Trilogy has grown on me over the years and now it’s a favourite Yngwie album.  I still get what I didn’t like about it as a kid.  The drums don’t sound very good (the album is self produced) and Mark Boals can be a bit over the top at times.  There’s no denying the guy has range and power, but it was all flat-out back then.  And of course Yngwie’s songs aren’t always the catchiest.  You need to give them time, and I have.

The one song that I did like as a kid was the mid-tempo opener “You Don’t Remember, I’ll Never Forget”.  I’ve always thought the melody and hooks were strong, and I still think it’s the strongest track on the album.  “Liar” is also excellent, from the fast part of the spectrum.  It sounds at times like Yngwie really wanted to be Ritchie Blackmore, but that’s OK.  There are very few that can come even close to Ritchie Blackmore.  “Queen in Love” is another mid-tempo track, similar to “You Don’t Remember” and almost as strong.  As a kid, I found this one too slow.  As an adult, I’m playing air bass along to it.  (Yngwie played all bass on the album.)

YNGWIE_0002One of things that I was most excited about hearing on an Yngwie album were instrumentals.  “Crying” is the first, which features both classical and electric guitars.  I’m noticing Yngwie has a nice vibrato when playing classical.  This fine instrumental track is only hampered by the production values.  Too much bass and poor drum and cymbal sounds distract the attention.  The album side is redeemed by “Fury” which is another blazingly fast Yngwie electric medieval dance, and good enough for me.

“Fire” commences with some incendiary guitar, but the song itself is a plain old hard rocker with Jens Johansson providing keyboard hooks for the verses.  Then from some sorcerer’s bag of tricks is “Magic Mirror”, but it is indeed just smoke and mirrors.  Killer chorus aside, the song doesn’t catch, except when Yngwie is unleashing his own electric magic.  “Dark Ages” sets the scene; some dark cloudly and cold landscape about a thousand years ago.  This is a slow Dio-esque prowl, with Boals screaming his balls off.  It’s a bit much with the screaming, but the song does not suck.

I was expecting more instrumentals than this, but Yngwie saved a seven minute epic instrumental for last.  “Trilogy Suite Op:5” is as bombastic as you’d guess it is.  Running the gamut in tempos and tones, Yngwie composed a track here that is highly enjoyable.  Jens and Yngwie get to duel with each other, but it’s definitely a guitar showcase.  Electric and classical, Malmsteen pulls out all the stops on his opus.  I mean, hey: it’s Yngwie J. fucking Malmsteen!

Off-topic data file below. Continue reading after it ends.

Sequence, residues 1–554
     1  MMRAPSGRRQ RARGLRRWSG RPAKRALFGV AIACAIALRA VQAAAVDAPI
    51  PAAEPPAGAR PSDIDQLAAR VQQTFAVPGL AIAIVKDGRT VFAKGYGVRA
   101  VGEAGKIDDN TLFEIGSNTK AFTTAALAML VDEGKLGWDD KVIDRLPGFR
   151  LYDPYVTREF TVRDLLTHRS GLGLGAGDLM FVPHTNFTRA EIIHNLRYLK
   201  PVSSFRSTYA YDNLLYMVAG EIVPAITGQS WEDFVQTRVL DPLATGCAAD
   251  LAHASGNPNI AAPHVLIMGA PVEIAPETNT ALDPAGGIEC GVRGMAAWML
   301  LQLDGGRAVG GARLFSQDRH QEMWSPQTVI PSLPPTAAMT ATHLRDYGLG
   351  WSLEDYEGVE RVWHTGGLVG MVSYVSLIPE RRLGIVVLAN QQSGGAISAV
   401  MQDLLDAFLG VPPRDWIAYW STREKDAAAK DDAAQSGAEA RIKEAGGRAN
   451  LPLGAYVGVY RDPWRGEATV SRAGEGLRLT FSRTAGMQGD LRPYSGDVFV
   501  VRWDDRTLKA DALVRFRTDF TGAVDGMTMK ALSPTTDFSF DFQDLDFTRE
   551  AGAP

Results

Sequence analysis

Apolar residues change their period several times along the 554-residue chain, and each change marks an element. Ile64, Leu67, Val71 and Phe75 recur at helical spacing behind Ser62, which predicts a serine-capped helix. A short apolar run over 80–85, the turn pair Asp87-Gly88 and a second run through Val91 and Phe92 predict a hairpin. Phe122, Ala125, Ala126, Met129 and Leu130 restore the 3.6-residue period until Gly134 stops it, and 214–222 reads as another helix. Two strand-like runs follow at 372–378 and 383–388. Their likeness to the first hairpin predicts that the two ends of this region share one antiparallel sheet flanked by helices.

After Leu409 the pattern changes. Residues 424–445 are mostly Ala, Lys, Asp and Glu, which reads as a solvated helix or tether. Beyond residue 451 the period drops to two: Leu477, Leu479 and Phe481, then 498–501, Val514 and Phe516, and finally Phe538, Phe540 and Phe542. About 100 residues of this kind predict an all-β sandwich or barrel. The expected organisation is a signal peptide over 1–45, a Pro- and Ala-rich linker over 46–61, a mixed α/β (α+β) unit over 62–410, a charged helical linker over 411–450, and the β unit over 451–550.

I am glad to say that I enjoy Trilogy a lot more today than I did in 1986.  Bonus points are added for the cover art.  Dio, after all, only had a single-headed dragon!

3.5/5 stars
YNGWIE_0003

REVIEW: Dio – Lock Up the Wolves (1990)

DIO – Lock Up the Wolves (1990)

July 1990: A M.E.A.T. Magazine interview (issue #14) with Ronnie James Dio states that he was unhappy with Dream Evil, one of my favourite Dio albums. He felt the songwriting was unfinished, that the songs needed tightening up. Supposedly some of the changes he made were a response to that. If that’s indeed the case, then Lock of the Wolves came as a total shock. These songs feel even less finished than any Dio album before.

Dio had completely revamped his band. Craig Goldy (guitar) was the first one to leave. Apparently Vinnie Appice, Jimmy Bain and Claude Schnell didn’t care for Goldie, but they all ended up departing too. Ronnie was no longer happy with the writing process nor the dischord that had set into the making of Dream Evil.  Because of these circumstances he was able to revamp the entire Dio lineup but not by choice.

Ronnie took on a young and international crew: Swedish Jens Johansson on keyboards (ex-Yngwie Malmsteen), new York kid Teddy Cook on bass, ex-AC/DC skin-pounder Simon Wright, and the young 17 year old Scot, Rowan Robertson as his new guitar wizard. Robertson won the role after a cattle-call resulted in 5000 tapes sent to Dio for his consideration.  The end combination was a band of skilled players, but lacking in road-tested chemistry. Plus the pressure was certainly on Robertson, having guitarists like Vivian Campbell and Richie Blackmore writing the solos you were going to be playing.

About half the album was written when Bain and Appice were still in the band, and they appear on several writing credits. Robertson has a co-write on every song, and Jens Johansson has two, while new bassist Cook has one. Regardless of the numerous writers, the album is very singular in its direction. That is to say Lock Up the Wolves is a painfully sloooowww Dio album.

I was very disappointed that there are only a couple fast rockers to keep the blood pumping. The first track, “Wild One”, fools you into thinking this album will be a rocking good time full of tasty guitar hooks and wicked Dio lyrics. However, “Born On The Sun”, while boasting a great chorus melody, sags and droops. “Hey Angel” and “Between Two Hearts” are more of the same. I kept waiting for another fast song, or just something different to keep me awake. I had realized that Lock Up the Wolves is loaded with boring pseudo-bluesy riffs, slow to the point of coma-inducing.

The only slow tunes that really have spark of any kind are the monstrous title track (over 8 minutes of drama) and the ballady “My Eyes”. “My Eyes” is my personal favourite track on the album, and perhaps worth the price of purchase if you can find the album cheap. It’s also fun to play the game “How many of Dio’s other song titles are in the lyrics?” with this one.  The CD-only bonus track “Why Are They Watching Me” is the only other serious fast rocker on the album, and I have no idea why it was the CD-only bonus track, because the album desperately needed a kick in the pants.

And that is Lock Up the Wolves in a nutshell. Approximately 50 minutes of slow, pseudo-bluesy guitar and dull rhythms. About 10 minutes of heavy metal. That’s it.

I do love the cover art.

2/5 stars